How is it that the process is expected to be inclusive and for the benefit and protection of indigenous and traditional peoples, when they are excluded? Is it that it is still thought by some that government has the right and ability to represent indigenous and traditional peoples' interests? The move smacks of misplaced paternalism, a feature of international law of a time long gone, in relation to indigenous people. And what is more surprising and now seems condescending, is that on Thursday morning the new IGC Chairman met with the Indigenous Caucus to hear in person of their views and concerns.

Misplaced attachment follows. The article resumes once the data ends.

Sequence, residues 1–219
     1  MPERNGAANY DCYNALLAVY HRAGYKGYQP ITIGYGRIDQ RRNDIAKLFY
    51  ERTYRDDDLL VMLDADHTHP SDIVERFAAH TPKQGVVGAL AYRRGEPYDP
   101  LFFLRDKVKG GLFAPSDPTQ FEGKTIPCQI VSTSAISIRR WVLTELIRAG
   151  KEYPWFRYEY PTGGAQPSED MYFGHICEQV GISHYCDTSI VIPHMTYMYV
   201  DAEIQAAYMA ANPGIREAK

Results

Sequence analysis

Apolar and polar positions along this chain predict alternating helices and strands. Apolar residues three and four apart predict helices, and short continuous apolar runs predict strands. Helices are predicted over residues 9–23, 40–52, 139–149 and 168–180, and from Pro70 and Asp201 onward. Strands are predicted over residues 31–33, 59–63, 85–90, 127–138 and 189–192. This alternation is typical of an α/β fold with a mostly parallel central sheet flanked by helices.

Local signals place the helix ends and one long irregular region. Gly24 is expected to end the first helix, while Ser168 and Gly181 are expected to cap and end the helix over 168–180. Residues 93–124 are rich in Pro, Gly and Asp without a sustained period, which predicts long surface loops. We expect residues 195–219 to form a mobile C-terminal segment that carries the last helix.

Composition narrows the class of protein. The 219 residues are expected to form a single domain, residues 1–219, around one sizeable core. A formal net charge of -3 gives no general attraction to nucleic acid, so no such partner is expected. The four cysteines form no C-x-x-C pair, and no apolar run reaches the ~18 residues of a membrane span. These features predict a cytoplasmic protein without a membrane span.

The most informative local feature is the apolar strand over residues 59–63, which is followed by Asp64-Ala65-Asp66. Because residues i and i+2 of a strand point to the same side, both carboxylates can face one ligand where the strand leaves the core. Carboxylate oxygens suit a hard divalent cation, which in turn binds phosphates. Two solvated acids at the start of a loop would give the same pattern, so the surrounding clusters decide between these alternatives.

But, is it a matter of sacrificing principles on the altar of expediency? Even if this is so, it is unacceptable. It is unacceptable from the IGC Chair, as well as from WIPO member states. But again, this may not be surprising considering the views of some member states. For example, despite the fact that from as early as the 12th Session, indigenous and traditional communities, increasingly frustrated by the political rhetoric and manoeuvres of member states, especially of developed countries, came out publicly in support of the African Group proposal to have Inter-sessiomal expert working group meetings to accelerate the deliberations, the African Group had the gall to suggest in its Proposal that national governments should manage and control indigenous and traditional people's cultural heritage. This therefore shows, unfortunately, that paternalism, is alive and well. And as the convenors of the closed door sessions, the African group certainly could have ensured that they invited the Indigenous Caucus to participate, just as the Caucus had invited the African Group to a meeting of the Caucus on Wednesday to engender some co-operation and consensus.